I’ve been writing songs forever. When I was little, I remember always making up songs about chores to make the time go by faster. I always made my family come to my concerts and listen to my songs. The first real song I think I ever wrote was in high school, but at the time I didn’t really know how to write songs. It wasn’t until later on that I really learned how to write songs and input my life experiences and my emotions.
You’re the first-ever country star to be featured on Apple’s Up Next. How does that feel?
It feels really, really cool. I feel like country music has a certain set of ideas about how it can sound and what it can be about. I love that people are starting to expand their idea of what can fall into the country music category, and I think it’s great that Apple is helping to share that idea.
I wrote “Lady Like” in response to say girls don’t have to just do “girly” things and can do [whatever they want] and be anything they want to be.
What was it like to go from watching stars who you wrote songs for singing on the Today show and Late Night with Seth Meyers, to being one of those singers, singing your own song?
You know, I thought it was going to be this huge, scary thing, but it actually felt like it was always where I was supposed to be. It felt like I was meant to write songs and sing those songs and share them with the world. I really felt like I was exactly where I was meant to be.
Do you have a favorite moment of your career so far? If so, what is it?
There are so many. My whole career has been amazing so far. I think my favorite moment so far was when I was on tour and the crowd was singing “More Hearts Than Mine” back to me. That was an amazing feeling and pretty surreal.
What made you choose this collection of songs for your first album release?
I wanted my first album to cover all the bases of who I am as a person so people can start getting to know me. Every song tells a real story about emotions and thoughts I’ve had the past couple years of my life, and the hope is that people can relate to them. I definitely get emotionally deep in most of the songs, but being vulnerable is important when you’re telling a story, and I wanted this album to be as honest as possible.
Do you have a favorite song on your album? Or one that means the most to you? Is there one you’re most excited for fans to hear?
Damn, that’s like picking your favorite child! I chose to put eight songs on the album because I’m more of a “quality over quantity” kinda girl, so I truly love all of them because so much time was spent making every single song perfect. I will say “Lady Like” means a lot to me because it’s the first song I ever put out, and I really think the message of that song needs to be heard. It’s about not apologizing for who you are, and that gender stereotypes are a thing of the past.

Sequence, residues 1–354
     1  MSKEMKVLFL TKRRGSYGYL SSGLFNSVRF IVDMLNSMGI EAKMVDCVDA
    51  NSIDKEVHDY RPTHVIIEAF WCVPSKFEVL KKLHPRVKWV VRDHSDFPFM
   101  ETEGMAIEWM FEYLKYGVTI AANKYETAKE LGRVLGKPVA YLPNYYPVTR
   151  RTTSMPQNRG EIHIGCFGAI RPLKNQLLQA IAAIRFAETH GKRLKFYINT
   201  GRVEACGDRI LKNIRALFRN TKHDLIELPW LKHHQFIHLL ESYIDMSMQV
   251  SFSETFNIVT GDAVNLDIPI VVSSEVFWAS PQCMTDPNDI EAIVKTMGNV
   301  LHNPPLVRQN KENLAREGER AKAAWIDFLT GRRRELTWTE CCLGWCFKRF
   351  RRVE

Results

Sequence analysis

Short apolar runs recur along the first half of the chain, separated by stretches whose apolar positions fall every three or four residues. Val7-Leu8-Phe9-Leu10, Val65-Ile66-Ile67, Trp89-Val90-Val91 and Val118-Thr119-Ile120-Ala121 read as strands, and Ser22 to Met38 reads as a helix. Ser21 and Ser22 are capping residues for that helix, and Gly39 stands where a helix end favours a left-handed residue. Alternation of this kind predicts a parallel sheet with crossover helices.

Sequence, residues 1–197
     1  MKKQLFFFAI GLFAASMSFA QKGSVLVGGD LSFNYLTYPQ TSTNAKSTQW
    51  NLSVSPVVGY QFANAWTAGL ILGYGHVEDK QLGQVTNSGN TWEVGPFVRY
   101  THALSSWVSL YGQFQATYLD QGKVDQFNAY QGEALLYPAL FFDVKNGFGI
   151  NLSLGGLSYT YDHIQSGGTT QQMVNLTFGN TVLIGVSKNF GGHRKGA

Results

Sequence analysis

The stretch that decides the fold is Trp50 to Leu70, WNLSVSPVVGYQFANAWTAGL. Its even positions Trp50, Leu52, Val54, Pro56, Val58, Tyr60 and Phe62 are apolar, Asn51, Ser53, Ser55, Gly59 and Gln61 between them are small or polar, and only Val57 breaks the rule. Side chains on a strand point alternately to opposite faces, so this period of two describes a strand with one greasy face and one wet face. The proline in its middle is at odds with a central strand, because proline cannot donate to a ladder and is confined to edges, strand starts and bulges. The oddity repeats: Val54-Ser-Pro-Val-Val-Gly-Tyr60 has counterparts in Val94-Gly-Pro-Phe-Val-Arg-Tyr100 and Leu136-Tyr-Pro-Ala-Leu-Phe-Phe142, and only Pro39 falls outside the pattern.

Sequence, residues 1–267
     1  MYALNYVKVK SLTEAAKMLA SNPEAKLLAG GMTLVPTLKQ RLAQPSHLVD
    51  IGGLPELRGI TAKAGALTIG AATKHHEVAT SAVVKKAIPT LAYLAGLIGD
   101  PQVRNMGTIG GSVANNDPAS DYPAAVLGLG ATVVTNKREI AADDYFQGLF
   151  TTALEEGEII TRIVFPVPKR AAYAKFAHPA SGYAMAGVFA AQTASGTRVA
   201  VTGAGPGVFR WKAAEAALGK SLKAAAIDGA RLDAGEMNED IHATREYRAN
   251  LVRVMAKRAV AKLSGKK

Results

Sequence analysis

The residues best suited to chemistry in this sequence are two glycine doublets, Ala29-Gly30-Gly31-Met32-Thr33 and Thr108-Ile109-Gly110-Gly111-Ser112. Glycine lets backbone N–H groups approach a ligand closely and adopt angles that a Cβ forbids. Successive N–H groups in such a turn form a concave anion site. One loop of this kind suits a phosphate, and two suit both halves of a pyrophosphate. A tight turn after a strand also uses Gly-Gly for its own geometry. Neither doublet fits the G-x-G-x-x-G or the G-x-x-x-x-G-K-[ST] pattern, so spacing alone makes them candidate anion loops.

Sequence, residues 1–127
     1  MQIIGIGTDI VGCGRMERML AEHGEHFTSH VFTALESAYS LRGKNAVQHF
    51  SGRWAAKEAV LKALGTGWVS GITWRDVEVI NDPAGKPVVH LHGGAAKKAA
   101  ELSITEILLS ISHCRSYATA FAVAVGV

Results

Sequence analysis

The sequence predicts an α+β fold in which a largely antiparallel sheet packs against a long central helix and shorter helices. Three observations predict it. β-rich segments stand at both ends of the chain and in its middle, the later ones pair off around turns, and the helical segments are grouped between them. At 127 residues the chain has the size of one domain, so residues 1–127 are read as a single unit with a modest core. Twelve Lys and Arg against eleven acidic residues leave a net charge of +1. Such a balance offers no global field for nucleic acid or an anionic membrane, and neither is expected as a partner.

What was your favorite song when you were a kid? Did you have a favorite artist?
I had a lot of favorite songs, but I think my first favorite song was “Baby Baby” by Amy Grant. I loved her, John Denver, and Whitney Houston and would ask my mom to play them on repeat. Luckily she liked them too so it worked out for both of us.
What was the first concert you ever went to?
Do you remember the band Metro Station? Yeah… well, that was my first concert. I loved their song “Shake It” but couldn’t tell you any of their other songs. I was hoping they would just play that song for an hour, to be honest.
If you could only listen to one album for the rest of your life, what would it be and why?
Continuum by John Mayer. I love his lyrics and melodic instincts, and it’s one of those albums that float seamlessly in and out of different storylines without sounding scattered. He’s also super hot.
Do you have any dream collaborations?
Oh yeah, so many. Dixie Chicks, John Mayer, Ed Sheeran, Adele, Faith Hill, maybe even a K-pop band? I don’t know, I just love creating with other artists.
Anything else you’d like to add or share? Funny stories, fun facts about yourself, info about your album?
There aren’t any songs about beer or trucks on this album, and that is only because I don’t like beer and I drive a Mini Cooper. I’m sure it’s country music sacrilege to not like beer, but I promise you’ll like the album, so don’t hate me.
This interview has been condensed and edited for clarity.
PHOTOS JESS WILLIAMS
STORY GINA DECICCO